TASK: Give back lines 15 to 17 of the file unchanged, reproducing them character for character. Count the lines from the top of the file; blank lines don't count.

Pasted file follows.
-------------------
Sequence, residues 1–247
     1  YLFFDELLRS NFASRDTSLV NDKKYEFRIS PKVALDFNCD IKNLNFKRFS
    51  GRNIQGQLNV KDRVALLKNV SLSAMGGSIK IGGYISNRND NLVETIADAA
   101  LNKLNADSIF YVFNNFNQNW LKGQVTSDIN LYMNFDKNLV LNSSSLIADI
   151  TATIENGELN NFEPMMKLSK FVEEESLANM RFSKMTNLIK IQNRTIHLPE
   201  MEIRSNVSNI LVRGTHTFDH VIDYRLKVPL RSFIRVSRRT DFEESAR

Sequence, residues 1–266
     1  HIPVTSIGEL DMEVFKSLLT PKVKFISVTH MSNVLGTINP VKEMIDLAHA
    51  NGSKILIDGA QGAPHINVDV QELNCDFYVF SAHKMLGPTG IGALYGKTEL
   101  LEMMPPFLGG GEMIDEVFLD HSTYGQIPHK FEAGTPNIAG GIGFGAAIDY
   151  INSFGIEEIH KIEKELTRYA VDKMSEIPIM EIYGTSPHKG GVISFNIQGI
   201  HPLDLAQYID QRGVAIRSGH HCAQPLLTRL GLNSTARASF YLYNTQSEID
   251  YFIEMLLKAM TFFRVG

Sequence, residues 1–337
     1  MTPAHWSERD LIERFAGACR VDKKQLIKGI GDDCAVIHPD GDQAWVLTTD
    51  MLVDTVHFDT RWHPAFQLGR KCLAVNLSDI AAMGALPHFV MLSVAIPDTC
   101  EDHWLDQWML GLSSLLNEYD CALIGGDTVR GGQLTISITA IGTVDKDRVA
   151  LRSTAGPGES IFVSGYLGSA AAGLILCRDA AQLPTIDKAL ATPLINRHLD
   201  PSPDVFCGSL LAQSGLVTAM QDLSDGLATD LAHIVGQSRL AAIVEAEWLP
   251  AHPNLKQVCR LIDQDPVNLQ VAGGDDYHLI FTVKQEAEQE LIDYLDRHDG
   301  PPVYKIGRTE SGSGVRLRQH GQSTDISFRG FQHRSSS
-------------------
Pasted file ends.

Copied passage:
     1  MTPAHWSERD LIERFAGACR VDKKQLIKGI GDDCAVIHPD GDQAWVLTTD
    51  MLVDTVHFDT RWHPAFQLGR KCLAVNLSDI AAMGALPHFV MLSVAIPDTC
   101  EDHWLDQWML GLSSLLNEYD CALIGGDTVR GGQLTISITA IGTVDKDRVA